The Greys were a Northumberland family of some distinction.  Edward Grey’s great-great-uncle was the Earl Grey, famous for the Reform Bill he introduced, and probably even more famous for the tea named after him (apparently created to conceal the chalky taste of the local water).  Earl Grey’s family home, Howick Hall, is nearby, as is Sir Edward Grey’s home, Fallodon (here photographed in 1932).Fallodon 1932Together with his first wife, Dorothy Widdrington of nearby Low Newton Hall, Edward Grey loved the Northumbrian countryside and way of life.  (Rumour has it that theirs was a chaste marriage and he had affaires and illegitimate children in London).  For many years he lived this strange dual existence with power and importance and sophistication in London alternating with frequent weekends at home in Northumberland and birds and walks and fishing there.  Unlike modern travellers, Grey was able to avail himself of the family right to stop mainline trains at little Fallodon station, a few hundred yards from his door.  (This ancient right came to the family as part of the deal when the railway was constructed through Grey land.  It, of course, no longer exists – the station has gone, and I read somewhere that the railway authorities bought it off the family in exchange for free unlimited travel!).  Edward Grey 1918 (aged 56)This picture is of Grey in 1918, a couple of years after he had ceased to be Foreign Secretary.  By this time his sight was severely limited – he had struggled with deteriorating vision for quite a while as a result of severe degeneration of the retina and choroid in each eye.  He had longed to retire from politics earlier (and that would undoubtedly have improved his health and consequently his eyesight) but was restrained by Prime Minister Asquith.

So ironically, Grey – an enthusiastic and knowledgeable birdwatcher and walker (he wrote a book called The Charm of Birds with his second wife), was only finally free to enjoy his beloved Northumberland when he was almost blind.  Here he is in 1931, a couple of years before he died,Edward Grey 1931When I walk up to Ros Castle Camp, I think of Edward Grey taking the same path, weighed down with the cares of State.  And as we watched kestrels and partridges, I thought of how little he could see.  He would have been able to smell the place though – and wow, did it smell wonderful the day we visited!  Fresh and clean and heathery.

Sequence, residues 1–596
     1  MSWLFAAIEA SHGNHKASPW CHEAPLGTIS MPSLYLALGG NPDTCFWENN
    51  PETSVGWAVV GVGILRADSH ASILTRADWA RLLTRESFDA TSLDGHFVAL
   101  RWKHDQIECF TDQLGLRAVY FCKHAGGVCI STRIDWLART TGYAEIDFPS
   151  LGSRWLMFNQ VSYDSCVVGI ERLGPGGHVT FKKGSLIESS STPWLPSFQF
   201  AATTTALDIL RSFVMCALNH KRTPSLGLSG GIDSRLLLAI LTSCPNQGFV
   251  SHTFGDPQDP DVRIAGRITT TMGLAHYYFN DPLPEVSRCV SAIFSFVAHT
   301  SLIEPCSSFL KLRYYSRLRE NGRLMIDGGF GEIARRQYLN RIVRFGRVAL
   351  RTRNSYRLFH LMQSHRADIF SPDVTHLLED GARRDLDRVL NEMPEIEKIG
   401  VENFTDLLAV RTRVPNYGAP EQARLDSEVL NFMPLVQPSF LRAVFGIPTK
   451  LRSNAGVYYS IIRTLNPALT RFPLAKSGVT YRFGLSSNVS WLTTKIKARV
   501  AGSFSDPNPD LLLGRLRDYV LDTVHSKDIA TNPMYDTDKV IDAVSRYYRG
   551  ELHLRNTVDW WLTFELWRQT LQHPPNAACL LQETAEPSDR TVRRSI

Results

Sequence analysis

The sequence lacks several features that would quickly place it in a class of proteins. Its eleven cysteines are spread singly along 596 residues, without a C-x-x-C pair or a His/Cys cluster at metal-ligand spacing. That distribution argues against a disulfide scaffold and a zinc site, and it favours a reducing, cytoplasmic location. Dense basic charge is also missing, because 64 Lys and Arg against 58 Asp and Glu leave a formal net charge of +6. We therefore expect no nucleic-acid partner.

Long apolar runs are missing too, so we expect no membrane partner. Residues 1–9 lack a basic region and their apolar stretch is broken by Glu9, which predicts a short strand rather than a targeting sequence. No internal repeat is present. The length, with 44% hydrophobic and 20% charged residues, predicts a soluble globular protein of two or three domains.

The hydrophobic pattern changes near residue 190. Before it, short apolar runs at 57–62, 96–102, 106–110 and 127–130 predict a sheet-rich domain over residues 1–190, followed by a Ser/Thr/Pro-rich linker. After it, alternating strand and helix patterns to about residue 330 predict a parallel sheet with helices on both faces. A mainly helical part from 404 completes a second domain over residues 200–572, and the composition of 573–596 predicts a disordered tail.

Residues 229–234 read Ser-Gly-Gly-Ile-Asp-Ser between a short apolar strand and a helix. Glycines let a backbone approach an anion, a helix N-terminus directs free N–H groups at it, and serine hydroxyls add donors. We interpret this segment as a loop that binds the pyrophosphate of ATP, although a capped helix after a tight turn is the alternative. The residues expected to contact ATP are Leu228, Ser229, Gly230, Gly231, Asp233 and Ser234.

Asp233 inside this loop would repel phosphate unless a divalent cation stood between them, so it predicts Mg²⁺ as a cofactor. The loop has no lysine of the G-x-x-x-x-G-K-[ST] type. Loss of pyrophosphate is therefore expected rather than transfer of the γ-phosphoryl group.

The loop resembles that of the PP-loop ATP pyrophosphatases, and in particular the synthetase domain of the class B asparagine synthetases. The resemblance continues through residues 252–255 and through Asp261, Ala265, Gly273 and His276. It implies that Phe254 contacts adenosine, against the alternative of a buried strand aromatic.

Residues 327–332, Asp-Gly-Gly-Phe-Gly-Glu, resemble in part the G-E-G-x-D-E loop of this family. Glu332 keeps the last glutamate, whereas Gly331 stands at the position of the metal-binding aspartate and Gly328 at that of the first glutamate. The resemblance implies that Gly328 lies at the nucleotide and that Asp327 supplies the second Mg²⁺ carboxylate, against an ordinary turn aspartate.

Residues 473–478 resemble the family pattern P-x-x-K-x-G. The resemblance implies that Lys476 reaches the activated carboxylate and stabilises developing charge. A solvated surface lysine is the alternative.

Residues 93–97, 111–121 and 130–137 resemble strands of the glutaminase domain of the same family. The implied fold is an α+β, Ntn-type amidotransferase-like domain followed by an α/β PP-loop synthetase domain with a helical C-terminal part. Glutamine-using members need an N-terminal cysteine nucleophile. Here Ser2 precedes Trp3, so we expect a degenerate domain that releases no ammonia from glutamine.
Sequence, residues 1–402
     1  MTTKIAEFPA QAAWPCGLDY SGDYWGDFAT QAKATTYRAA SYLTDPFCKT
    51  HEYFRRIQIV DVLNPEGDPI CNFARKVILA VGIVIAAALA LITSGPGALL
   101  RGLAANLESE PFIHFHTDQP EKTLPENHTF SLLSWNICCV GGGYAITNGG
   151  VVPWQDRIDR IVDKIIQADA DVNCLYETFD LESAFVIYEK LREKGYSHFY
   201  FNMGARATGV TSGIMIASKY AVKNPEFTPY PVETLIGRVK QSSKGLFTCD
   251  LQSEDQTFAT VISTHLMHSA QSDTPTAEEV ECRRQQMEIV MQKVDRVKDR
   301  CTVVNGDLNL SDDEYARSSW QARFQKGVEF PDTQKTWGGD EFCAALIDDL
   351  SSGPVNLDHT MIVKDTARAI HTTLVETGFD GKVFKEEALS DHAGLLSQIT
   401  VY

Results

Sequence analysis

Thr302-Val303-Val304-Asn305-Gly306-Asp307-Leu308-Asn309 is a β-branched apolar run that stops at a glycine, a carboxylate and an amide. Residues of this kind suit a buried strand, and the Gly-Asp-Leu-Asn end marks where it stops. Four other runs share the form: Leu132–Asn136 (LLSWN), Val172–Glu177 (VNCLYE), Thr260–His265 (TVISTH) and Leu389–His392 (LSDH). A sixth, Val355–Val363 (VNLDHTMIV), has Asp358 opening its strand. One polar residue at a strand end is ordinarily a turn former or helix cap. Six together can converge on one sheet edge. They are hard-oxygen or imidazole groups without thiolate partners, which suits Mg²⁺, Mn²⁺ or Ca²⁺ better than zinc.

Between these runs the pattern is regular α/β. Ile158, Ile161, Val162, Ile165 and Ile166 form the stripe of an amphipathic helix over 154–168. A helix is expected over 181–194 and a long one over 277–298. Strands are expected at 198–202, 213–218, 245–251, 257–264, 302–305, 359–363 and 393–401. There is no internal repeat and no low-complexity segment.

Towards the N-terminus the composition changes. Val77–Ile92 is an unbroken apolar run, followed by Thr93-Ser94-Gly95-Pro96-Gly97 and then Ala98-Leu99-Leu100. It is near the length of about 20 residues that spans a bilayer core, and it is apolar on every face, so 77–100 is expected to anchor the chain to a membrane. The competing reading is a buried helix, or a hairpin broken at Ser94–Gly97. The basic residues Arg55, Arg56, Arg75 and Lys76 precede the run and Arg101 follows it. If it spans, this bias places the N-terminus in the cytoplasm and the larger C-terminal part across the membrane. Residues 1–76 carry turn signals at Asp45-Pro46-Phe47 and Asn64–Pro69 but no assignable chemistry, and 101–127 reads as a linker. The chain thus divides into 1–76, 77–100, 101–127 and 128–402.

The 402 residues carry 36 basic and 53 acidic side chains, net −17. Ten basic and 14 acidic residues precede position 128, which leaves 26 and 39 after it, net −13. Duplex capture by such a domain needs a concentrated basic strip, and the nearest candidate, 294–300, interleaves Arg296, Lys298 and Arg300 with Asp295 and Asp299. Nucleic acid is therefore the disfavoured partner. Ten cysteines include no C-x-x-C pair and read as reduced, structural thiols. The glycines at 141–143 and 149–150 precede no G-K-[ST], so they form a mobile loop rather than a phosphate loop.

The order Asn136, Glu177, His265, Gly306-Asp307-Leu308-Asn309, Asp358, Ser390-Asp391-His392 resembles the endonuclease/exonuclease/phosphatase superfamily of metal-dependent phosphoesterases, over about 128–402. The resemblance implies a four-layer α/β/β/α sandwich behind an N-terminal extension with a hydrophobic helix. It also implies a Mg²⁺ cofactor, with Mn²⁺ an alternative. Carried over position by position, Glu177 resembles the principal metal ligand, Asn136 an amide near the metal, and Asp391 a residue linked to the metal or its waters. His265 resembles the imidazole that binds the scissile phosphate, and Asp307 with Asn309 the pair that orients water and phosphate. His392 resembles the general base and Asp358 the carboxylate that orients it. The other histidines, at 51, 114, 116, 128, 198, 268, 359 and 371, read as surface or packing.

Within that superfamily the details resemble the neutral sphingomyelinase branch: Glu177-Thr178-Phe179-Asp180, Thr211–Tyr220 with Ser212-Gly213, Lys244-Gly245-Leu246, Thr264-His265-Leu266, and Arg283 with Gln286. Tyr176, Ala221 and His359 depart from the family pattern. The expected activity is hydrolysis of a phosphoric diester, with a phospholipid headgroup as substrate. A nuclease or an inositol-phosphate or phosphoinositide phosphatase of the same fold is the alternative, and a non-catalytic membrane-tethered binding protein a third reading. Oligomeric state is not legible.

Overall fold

It is churlish to complain on a day with such gifts, but I do prefer it when the heather is flowering and purple as it was one August day last year.heather in AugustThat day I brought home a small posy of heather to remind me of a glorious walk.  This trip I’m having to resort to a virtual posy.heather picked on previous visits

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kaydeerouge

Lost - and found.

4 thoughts on “Ros Castle Camp”

  1. Another walk thru history that I never would have known existed if not for you!! What a panorama, on a good day, and that Heather…takes your breath away! Earl Grey, I drank that tea for years and now cannot abide it. I drink Brook Bond Red Label and have for at least 40 years, reckon my innards are BLACK!
    Whenever I read your history posts or am on a tour like I was in Germany I am reminded
    again how young this country is.
    Hope you have recovered from the wedding 🙂 what a party!!

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    1. We went on this walk deliberately, Susan, to remind ourselves of the Northumbrian views after our Cornish shenanigans!! Funny what you say about Earl Grey tea – it’s so weird the way our tastes change! I love it 🙂

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  2. Interesting. Wouldn’t it be lovely to have your own railway station. We have an elderly friend who flags down the bus outside her house as it’s too far for her to walk to the nearest stop, which seems a rather wonderful thing in this day and age.
    Fabulous views from up there and even better when you know what you’re looking at.

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    1. It’s the small little bits of history like the story about the Greys having their own railway station that are really fascinating I think. Nice to hear that the bus stops specially outside the house of your elderly friend – hope that continues for a long time (before time and cost managers find out!)